Joseph Sikora: From Stage and Screen to Behind the Scenes
You may know him from his roles on hit series Ozark and Power or from his appearances in numerous shows and films over the years, but Theatre alum Joseph Sikora ’98 started his career on the stage at the age of 10. Exposed to the then popular television series KIDS Incorporated—a show about a children’s musical group that started the careers of stars Fergie and Jennifer Love Hewitt—Sikora decided it was his dream to perform.
“I thought, ‘Who doesn't want to be an actor or a rock star,’” says Sikora. After expressing his desire to act to his mother, she told him that if he felt the same way in a month, she would look into it. A month went by, and he still felt the same way. “She pulled out the Yellow Pages. We didn't see much on acting, so we went to theater. She had found the name of some big theaters, and I went down and I auditioned for A Christmas Carol at the Goodman.” He auditioned for the part of Tiny Tim but didn’t get the role due to his inability to sing. His looks caught their attention, however, and he was told that he should audition for the lead role in The Little Prince at the Touchstone Theatre. He ended up booking the role for two years.
“The first year was really kind of learning the ins and outs of memorizing lines and where to stay and where to stand,” he says. “My dad always says, ‘The first year you were great, but the second year you made magic.’ I think there's something to that, you know, learning about the magic of the theater.”
That magic lasted him all the way until he was on Broadway where Sikora also learned the harsher side of industry. Upset by bad reviews, Sikora said a director decided to take out his frustrations on him during intermission. “I always say it almost put out my flame all the way down, and I had terrible stage fright from that day on, really until the next 10 years,” says the Chicago native.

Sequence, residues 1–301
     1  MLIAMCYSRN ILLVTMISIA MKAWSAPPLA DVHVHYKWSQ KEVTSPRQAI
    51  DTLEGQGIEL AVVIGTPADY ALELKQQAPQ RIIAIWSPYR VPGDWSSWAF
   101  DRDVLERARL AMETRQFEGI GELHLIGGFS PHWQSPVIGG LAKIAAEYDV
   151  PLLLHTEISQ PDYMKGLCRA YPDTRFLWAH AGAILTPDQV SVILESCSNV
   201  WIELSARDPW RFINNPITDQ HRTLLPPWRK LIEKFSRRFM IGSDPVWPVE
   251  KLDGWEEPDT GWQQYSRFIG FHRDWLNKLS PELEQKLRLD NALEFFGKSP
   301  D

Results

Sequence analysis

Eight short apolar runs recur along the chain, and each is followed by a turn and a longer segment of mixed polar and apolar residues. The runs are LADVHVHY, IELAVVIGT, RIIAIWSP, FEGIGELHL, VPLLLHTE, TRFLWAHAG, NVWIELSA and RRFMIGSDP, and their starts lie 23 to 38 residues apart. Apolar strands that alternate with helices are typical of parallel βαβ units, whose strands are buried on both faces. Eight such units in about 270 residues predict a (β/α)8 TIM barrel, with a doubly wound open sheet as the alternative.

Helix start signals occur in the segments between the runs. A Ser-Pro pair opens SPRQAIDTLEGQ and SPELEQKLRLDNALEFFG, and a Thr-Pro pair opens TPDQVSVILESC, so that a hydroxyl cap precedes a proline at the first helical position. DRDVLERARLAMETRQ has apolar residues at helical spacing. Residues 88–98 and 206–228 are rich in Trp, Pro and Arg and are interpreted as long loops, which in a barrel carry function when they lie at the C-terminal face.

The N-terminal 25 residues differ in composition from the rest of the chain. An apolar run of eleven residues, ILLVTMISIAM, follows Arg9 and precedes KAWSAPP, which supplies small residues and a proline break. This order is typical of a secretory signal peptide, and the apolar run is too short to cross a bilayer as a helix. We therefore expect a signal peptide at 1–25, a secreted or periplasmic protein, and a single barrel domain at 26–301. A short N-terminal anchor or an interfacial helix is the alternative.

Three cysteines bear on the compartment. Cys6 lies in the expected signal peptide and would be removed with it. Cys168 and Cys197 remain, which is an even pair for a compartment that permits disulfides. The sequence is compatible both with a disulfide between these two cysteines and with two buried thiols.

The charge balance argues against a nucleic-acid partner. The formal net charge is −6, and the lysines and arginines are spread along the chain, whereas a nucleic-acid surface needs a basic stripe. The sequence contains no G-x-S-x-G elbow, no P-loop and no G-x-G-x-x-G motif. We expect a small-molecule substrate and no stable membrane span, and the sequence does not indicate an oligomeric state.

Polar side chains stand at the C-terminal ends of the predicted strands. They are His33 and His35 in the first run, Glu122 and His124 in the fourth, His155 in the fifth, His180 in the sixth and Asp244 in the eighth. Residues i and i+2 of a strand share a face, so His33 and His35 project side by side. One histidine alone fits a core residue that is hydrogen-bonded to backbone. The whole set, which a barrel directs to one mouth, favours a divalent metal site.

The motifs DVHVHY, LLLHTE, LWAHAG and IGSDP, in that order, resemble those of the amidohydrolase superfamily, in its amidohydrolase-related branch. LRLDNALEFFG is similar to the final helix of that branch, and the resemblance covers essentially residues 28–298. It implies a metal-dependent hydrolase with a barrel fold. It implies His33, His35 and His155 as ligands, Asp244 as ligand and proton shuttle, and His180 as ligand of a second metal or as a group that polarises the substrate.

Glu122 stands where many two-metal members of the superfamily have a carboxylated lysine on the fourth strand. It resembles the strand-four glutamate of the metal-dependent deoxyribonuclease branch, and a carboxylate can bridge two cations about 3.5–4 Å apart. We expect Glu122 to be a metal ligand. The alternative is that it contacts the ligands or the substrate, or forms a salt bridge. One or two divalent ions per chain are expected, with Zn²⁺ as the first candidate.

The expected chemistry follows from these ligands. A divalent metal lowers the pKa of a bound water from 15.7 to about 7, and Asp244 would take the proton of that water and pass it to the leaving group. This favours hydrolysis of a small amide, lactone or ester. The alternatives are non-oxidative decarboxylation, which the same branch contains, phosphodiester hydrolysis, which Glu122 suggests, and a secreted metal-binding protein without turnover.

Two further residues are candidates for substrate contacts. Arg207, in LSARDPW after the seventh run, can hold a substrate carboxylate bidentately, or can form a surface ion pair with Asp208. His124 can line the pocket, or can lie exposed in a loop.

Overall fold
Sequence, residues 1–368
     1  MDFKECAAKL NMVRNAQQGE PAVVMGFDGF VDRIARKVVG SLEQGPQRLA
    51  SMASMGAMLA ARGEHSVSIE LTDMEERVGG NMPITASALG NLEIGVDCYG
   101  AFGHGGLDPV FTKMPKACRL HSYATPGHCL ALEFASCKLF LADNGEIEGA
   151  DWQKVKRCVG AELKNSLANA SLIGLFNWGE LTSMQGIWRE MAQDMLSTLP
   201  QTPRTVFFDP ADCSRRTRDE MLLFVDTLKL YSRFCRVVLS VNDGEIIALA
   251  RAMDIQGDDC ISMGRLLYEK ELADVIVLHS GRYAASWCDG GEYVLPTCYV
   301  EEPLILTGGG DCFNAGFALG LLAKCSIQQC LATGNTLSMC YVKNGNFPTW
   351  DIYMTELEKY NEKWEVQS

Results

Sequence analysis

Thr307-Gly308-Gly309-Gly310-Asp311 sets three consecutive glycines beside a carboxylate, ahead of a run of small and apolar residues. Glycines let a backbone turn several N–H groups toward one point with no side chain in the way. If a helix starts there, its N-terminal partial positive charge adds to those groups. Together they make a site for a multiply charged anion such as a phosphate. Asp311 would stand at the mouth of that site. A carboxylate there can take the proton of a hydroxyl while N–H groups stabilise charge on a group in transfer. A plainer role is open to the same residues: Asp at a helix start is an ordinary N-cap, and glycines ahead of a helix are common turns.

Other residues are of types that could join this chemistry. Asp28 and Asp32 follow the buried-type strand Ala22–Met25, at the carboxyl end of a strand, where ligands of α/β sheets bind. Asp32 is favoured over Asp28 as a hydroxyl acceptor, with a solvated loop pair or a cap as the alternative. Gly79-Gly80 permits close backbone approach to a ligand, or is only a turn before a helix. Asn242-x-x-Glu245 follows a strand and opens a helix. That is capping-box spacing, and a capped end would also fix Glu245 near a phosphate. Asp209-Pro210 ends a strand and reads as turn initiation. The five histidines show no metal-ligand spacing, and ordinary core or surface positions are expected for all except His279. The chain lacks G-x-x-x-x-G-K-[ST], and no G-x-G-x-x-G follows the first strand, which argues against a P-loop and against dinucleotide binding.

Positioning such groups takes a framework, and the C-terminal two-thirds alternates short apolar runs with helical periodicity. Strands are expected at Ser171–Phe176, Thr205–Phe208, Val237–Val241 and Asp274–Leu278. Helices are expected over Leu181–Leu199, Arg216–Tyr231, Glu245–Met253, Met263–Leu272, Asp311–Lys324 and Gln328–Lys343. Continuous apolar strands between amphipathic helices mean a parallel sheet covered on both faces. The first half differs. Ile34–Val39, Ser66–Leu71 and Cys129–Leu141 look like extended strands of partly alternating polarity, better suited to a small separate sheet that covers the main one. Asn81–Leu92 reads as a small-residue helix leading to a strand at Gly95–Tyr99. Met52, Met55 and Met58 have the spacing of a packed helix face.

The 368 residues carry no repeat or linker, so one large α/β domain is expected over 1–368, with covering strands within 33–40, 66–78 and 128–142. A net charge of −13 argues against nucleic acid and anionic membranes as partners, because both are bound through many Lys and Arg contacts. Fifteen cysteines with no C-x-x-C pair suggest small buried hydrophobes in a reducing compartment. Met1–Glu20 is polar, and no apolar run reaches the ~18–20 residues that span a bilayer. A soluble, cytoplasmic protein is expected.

Sikora is now at a place where the reviews no longer get to him. “You’d search them out and read them, and it meant a lot if they were good, it meant a lot if they were bad,” he says. “I don't care anymore, and I cannot believe I got to that place. I still respect my peers and I like having the accolades, but I don't read [the reviews] because if you believe the good, you have to believe the bad.”
He credits what he learned at Columbia with helping him get his passion for acting back and for fostering a strong sense of self in students and preparing them for the professional world. “I give so much credit to Columbia because more so than any other classes I had taken, they really prepare you,” he says naming more than a handful of past and present Columbia faculty members who influenced him or guided him in some way. “Columbia teachers are actually professionals in the field.”
Sikora says he could usually rely on his natural propensity for acting. “But when all that is taken away,” he says, “you're still able to go on because you've developed these skills. I kept going at it just with the skills that I had until I finally got the flame brighter and brighter and back, and kind of really had to recreate that flame in a different way. I give a lot of credit to Columbia for fortifying that education.”
Now with more than three decades on stage and on screen, Sikora has taken on a new project with his brother, Albin—their production company, Black Fox. “We're both Chicago natives. We were born and raised on the far northwest side of Chicago in the neighborhood of Norwood Park. We love all things Chicago,” he says. “Our mission statement is to tell the world about the urban experience through the lens of Chicago, primarily. That doesn't mean white or Black or Latino or Asian…, but it is all of those things. It is not rich. It is not poor. It is not middle class, but it is, again, all of those things. So we wanted to explore and celebrate urban life and urban existence primarily through our stories and always with a focus on Chicago.”
Sikora has positioned himself and his new platform to make a safe environment for those who want to create. “I'm one of those people who is going to try to make that happen, and that's similar to Columbia,” he says. “I would argue that that was certainly [how it was] when I was here and I'm sure that that wonderful lineage is being passed on of making it a safe environment to create. And that’s really important.”